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Identifying Iron Oxide Based Materials that Can Either Pass or Not Pass through the in vitro Blood-Brain Barrier

Published online by Cambridge University Press:  17 February 2014

Di Shi
Affiliation:
Department of Pharmaceutical Sciences, Northeastern University, Boston, MA 02115, USA.
Linlin Sun
Affiliation:
Department of Bioengineering, Northeastern University, Boston, MA 02115, USA.
Gujie Mi
Affiliation:
Department of Pharmaceutical Sciences, Northeastern University, Boston, MA 02115, USA.
Soumya Bhattacharya
Affiliation:
Materials Science and Technology Division, CSIR-National Metallurgical Laboratory, Jamshedpur, JH 831007, India.
Suprabha Nayar
Affiliation:
Materials Science and Technology Division, CSIR-National Metallurgical Laboratory, Jamshedpur, JH 831007, India.
Thomas J Webster
Affiliation:
Department of Chemical Engineering, Northeastern University, Boston, MA 02115, USA.
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Abstract

In this study, an in vitro blood-brain barrier model was developed using murine brain endothelioma cells (b.End3 cells). By comparing the permeability of FITC-Dextran at increasing exposure times in serum-free medium to such values in the literature, we confirm that the blood-brain barrier model was successfully established. After such confirmation, the permeability of five ferrofluid (FF) nanoparticle samples, GGB (ferrofluid synthesized using glycine, glutamic acid and BSA), GGC (glycine, glutamic acid and collagen), GGP (glycine, glutamic acid and PVA), BPC (BSA, PEG and collagen) and CPB (collagen, PVA and BSA), was determined using this model. In addition, all the five FF samples were characterized by zeta potential to determine their charge as well as TEM and dynamic light scattering for determining their hydrodynamic diameter. Results showed that FF coated with collagen had better permeability to the blood-brain barrier than FF coated with glycine and glutamic acid based on an increase of 4.5% in permeability. Through such experiments, magnetic nanomaterials, such as ferrofluids, that are less permeable to the blood brain barrier can be used to decrease neural tissue toxicity and magnetic nanomaterials with more permeable to the blood-brain barrier can be used for brain drug delivery.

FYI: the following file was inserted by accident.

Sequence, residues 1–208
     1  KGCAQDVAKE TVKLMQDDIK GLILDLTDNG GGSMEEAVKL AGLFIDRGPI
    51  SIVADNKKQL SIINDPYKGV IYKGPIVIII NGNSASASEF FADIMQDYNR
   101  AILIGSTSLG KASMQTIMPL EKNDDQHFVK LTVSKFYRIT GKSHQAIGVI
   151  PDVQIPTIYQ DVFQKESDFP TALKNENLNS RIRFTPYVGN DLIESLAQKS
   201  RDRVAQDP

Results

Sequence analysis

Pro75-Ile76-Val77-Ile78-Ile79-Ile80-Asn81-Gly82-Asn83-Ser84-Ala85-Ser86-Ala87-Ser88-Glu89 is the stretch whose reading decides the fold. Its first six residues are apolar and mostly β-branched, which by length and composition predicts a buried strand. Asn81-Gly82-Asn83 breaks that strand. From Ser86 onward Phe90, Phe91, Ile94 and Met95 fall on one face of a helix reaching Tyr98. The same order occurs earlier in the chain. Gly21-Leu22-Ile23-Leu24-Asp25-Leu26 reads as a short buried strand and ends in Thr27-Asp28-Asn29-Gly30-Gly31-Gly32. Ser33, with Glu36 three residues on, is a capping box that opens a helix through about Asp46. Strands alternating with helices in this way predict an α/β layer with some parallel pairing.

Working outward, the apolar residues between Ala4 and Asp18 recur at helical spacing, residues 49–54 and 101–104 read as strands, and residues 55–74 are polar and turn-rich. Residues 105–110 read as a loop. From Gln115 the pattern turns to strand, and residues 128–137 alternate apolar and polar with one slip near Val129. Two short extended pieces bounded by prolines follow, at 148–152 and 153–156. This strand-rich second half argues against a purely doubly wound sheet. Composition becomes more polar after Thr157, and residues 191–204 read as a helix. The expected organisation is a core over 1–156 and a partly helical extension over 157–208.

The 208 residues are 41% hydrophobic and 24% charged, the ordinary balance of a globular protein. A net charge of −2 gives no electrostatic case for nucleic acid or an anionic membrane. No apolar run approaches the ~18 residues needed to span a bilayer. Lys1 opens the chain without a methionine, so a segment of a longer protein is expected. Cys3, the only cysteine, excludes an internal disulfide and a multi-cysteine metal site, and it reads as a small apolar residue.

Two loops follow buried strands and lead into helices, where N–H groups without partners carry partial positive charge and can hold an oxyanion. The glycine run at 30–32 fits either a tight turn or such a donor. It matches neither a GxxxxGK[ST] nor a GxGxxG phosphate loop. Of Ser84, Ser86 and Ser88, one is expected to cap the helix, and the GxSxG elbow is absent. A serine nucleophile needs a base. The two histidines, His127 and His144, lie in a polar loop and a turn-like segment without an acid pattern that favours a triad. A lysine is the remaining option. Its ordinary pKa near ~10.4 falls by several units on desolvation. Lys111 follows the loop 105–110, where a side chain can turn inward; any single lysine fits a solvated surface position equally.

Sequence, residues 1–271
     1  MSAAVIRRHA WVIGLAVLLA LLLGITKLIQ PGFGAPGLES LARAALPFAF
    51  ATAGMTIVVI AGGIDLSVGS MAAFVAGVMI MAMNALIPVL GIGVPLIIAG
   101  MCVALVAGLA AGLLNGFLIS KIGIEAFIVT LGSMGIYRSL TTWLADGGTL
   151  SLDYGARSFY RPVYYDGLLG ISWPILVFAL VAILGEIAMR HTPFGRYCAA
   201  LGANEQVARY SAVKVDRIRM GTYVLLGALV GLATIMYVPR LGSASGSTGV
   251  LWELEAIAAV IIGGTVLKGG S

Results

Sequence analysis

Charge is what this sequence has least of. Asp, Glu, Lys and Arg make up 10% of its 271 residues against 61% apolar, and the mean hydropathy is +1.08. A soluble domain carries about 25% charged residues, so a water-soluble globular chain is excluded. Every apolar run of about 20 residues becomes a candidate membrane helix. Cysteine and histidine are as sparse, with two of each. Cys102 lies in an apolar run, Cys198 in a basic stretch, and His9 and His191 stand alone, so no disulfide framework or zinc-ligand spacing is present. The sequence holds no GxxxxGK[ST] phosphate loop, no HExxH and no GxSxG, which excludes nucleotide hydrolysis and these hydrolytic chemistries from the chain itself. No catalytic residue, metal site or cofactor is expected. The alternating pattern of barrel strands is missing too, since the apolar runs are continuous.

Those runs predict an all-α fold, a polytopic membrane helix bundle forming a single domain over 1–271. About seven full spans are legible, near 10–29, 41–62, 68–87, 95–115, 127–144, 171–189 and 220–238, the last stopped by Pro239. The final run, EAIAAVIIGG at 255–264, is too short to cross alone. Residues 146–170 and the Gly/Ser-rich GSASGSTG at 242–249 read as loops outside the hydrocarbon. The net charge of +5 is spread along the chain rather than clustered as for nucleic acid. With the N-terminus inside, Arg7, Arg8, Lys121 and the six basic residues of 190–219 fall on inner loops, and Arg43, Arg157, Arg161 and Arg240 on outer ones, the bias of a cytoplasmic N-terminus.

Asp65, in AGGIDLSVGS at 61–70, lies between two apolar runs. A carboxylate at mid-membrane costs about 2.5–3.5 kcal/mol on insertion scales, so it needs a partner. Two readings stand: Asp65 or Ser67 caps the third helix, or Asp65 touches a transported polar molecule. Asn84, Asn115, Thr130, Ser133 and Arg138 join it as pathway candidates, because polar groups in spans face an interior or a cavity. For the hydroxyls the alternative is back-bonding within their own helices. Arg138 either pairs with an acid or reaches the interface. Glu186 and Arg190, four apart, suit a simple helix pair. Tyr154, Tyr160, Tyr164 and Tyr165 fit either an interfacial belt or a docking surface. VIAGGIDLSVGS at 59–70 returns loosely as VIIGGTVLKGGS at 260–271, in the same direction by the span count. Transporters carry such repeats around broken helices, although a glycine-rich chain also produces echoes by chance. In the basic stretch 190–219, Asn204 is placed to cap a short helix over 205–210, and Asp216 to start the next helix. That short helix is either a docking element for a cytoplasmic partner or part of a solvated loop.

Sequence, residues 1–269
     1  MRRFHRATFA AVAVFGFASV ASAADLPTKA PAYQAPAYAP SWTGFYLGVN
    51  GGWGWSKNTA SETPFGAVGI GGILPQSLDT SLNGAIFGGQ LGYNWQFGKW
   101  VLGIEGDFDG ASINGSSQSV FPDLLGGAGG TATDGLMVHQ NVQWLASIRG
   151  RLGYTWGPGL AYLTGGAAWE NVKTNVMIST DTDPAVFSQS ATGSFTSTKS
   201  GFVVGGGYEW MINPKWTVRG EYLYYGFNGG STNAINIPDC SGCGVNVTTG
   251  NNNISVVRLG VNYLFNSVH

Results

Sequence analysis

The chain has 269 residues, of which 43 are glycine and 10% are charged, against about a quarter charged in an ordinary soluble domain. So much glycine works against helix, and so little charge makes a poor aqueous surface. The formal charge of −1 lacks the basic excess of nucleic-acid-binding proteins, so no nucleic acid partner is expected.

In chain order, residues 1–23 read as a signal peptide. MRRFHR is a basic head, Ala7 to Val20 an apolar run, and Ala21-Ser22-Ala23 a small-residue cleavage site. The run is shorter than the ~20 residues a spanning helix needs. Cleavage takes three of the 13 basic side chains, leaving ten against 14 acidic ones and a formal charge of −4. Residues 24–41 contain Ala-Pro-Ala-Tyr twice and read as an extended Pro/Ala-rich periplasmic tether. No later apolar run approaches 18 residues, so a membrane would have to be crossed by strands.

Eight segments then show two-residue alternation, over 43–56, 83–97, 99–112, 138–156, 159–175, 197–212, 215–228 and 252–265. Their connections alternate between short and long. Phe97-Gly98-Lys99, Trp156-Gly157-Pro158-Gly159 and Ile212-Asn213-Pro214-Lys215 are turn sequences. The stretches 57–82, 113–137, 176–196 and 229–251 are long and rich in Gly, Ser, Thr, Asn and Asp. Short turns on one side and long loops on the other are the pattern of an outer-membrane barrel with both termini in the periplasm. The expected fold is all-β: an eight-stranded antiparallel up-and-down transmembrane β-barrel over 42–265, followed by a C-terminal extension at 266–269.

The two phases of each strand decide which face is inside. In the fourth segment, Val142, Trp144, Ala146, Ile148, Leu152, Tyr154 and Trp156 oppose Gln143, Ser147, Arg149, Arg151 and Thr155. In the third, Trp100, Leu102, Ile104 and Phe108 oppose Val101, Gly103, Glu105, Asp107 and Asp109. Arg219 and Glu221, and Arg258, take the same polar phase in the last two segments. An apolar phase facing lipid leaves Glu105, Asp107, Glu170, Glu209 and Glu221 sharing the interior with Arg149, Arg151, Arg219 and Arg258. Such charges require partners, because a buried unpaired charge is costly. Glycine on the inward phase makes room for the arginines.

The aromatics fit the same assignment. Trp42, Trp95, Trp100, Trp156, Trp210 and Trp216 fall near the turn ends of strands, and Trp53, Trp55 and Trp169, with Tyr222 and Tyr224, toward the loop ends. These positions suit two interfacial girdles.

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Articles
Copyright
Copyright © Materials Research Society 2014 

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References

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